The Filipino journalist, co-founder of the Rappler news site, who shared the Nobel Prize with her Russian colleague Dmitri Mouratov, sees the situation in her own country as proof.
Ferdinand Marcos Jr - the son of the dictator who for two decades reigned terror and corruption - is given as the probable winner of the presidential election next week, 36 years after the fall of his father.
"He seems on the way to winning and it's possible only because history has changed before our eyes," explained the journalist, on the sidelines of a demonstration in favor of press freedom in Geneva.
Ferdinand Marcos Jr, presidential candidate, March 25, 2022 in Laoag, Philippines Ted ALJIBE AFP
Marcos Jr is taking advantage of a deluge of misinformation on social networks targeting younger generations who have no memory of the abuses committed by his father.
Ms. Ressa also points out that the candidate refuses to participate in debates and avoids questions from journalists, thus seeming to follow the path of other politicians like Jair Bolsonaro, the controversial president of Brazil.
"That's the problem with social networks: it has made propaganda flourish and literally allowed public figures like Marcos or Bolsonaro to create their alternative reality by circumventing the mechanisms of counterpower" of the media, she underlines, before to drive the point home: "It's not a good thing".
Brazilian President Jair Bolsonaro (c) meeting his supporters on May 1, 2022 in Brasilia EVARISTO SA AFP/Archives
Faced with these challenges, "the mission of journalism is more important today than it has ever been", she explains.
For the journalist, as early as 2014, social networks made it possible to propagate throughout the world two divergent narratives of the annexation of Crimea by the Russian army and the phenomenon was further aggravated with the invasion of Ukraine in february.
In such an environment, access to reliable information is vital.
"I think we've come to a point where everything we (journalists) can do matters because we're very close to the brink," she says.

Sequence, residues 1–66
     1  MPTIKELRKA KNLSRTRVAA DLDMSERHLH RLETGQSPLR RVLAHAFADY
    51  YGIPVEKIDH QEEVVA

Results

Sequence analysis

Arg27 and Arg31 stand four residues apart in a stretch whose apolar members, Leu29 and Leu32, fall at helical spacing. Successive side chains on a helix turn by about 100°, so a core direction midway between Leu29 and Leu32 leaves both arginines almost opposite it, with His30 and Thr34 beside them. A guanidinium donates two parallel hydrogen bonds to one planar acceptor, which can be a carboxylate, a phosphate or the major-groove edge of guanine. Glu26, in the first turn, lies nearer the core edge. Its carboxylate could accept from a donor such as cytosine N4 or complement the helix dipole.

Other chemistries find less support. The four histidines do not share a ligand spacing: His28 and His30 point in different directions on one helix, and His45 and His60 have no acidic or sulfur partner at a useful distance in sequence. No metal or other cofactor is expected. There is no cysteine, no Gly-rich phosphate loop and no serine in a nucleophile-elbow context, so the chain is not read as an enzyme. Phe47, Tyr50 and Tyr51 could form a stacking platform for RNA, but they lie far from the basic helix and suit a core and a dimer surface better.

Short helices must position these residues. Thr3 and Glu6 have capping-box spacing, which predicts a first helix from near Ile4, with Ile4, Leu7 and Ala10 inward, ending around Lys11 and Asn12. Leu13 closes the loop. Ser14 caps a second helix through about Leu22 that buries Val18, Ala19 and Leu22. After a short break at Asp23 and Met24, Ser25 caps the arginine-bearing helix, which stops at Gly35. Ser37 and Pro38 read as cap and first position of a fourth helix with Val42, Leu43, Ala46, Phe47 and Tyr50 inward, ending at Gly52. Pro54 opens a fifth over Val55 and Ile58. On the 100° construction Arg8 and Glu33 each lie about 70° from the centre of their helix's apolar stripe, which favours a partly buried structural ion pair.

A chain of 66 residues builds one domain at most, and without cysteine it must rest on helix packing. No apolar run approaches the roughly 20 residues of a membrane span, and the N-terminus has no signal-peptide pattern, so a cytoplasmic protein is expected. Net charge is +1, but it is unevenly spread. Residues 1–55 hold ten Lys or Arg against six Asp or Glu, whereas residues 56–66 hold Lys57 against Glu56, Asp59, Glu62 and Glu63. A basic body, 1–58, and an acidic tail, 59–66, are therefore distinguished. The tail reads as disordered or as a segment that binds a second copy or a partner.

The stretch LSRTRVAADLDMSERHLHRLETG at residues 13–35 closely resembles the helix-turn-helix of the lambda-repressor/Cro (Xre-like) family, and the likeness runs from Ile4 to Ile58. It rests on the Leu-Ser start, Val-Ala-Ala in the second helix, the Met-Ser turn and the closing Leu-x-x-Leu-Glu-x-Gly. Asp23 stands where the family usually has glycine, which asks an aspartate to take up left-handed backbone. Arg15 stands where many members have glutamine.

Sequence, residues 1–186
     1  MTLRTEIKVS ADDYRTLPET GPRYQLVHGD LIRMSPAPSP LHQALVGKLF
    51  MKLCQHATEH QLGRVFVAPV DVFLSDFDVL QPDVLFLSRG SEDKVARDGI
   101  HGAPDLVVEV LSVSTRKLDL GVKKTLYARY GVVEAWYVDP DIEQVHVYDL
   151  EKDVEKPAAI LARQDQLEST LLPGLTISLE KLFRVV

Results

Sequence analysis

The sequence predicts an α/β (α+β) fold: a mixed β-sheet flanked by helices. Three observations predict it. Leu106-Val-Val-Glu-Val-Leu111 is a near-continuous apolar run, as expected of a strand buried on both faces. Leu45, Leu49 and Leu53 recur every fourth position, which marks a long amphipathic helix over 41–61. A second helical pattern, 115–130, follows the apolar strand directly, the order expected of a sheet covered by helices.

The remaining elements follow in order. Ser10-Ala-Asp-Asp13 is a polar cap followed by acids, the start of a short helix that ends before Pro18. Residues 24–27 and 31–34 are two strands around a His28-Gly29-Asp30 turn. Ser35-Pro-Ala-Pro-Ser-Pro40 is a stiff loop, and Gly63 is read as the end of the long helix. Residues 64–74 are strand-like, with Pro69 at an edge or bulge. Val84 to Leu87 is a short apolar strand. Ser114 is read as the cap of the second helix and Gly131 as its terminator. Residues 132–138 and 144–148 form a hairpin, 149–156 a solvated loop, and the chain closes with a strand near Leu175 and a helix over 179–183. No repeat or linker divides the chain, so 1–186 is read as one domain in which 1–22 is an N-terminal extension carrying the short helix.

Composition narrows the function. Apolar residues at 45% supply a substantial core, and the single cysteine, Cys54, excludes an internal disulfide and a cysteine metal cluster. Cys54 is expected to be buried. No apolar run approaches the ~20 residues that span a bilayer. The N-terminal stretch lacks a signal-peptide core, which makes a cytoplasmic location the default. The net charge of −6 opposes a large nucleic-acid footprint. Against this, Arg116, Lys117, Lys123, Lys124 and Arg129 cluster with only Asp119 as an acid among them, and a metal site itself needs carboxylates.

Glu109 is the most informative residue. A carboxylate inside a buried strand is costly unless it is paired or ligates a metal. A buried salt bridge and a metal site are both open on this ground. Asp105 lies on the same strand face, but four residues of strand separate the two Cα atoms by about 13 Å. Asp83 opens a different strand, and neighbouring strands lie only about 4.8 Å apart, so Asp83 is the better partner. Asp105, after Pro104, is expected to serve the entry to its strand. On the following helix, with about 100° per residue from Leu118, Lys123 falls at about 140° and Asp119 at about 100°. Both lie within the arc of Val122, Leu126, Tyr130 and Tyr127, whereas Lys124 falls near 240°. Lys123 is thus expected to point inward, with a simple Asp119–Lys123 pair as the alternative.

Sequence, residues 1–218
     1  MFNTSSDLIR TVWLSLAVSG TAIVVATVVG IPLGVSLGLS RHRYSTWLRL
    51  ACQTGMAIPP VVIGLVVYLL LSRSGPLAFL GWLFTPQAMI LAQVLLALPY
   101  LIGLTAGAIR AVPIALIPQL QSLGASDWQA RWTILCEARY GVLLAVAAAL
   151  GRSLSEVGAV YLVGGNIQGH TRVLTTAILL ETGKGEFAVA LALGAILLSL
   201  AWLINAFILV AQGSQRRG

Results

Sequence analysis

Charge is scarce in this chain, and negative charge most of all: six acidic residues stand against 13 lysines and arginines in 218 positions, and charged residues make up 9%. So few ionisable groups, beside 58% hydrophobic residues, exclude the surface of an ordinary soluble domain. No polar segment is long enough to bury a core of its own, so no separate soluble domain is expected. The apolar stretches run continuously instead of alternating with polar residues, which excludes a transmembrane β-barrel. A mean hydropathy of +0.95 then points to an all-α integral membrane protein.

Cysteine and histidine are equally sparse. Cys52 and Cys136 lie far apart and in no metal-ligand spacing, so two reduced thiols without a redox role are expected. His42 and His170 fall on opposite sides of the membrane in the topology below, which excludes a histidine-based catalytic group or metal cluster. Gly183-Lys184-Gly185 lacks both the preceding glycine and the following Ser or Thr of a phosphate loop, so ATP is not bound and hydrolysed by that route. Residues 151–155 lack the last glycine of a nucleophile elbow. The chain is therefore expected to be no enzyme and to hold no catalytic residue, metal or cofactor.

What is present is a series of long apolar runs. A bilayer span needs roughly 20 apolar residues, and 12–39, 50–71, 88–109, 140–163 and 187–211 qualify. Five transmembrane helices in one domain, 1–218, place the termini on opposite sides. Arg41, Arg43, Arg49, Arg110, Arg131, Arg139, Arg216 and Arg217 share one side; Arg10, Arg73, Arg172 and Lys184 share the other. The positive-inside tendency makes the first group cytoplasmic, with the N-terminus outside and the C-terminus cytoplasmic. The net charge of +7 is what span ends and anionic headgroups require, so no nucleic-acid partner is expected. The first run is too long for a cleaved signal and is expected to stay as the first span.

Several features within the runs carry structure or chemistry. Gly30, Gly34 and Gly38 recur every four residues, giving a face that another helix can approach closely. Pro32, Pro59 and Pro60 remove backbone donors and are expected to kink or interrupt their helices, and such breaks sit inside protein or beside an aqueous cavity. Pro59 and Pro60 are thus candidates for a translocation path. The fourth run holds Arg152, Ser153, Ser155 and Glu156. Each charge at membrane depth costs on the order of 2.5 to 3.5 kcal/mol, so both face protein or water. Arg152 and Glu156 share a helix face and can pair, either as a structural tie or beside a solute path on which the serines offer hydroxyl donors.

For the Nobel Peace Prize winner, there are no safeguards and social networks expose journalists to threats and attacks much more.
"Now, every time you write an article that tries to hold power accountable, you have to be prepared to be attacked personally," says Ms. Ressa, who herself faces 100 years in prison for exposing the excesses. of President Rodrigo Duterte.
Filipino journalist and Nobel Peace Prize winner Maria Ressa during an interview with AFP on May 3, 2022 in Geneva Fabrice COFFRINI AFP
But if the Nobel Prize was a "relief" because it demonstrated that the committee had understood how much the task of journalists had become more difficult and that "the risks have increased", it does not mean that. protected Ms. Ressa from legal proceedings.
On the contrary, "they accelerated", she explained.
For her, it is unfair to "ask journalists to make all these sacrifices" and she urges governments and the international community to take matters into their own hands and regulate these technologies which have transformed our information society.
“We need safeguards so that we can do our job,” she judges.
In the meantime, journalists "have no choice" and must continue to defend democracy as best they can, notes Ms. Ressa: "We are trying to stem the tide with our bare hands, hoping that the rest of the society will take over
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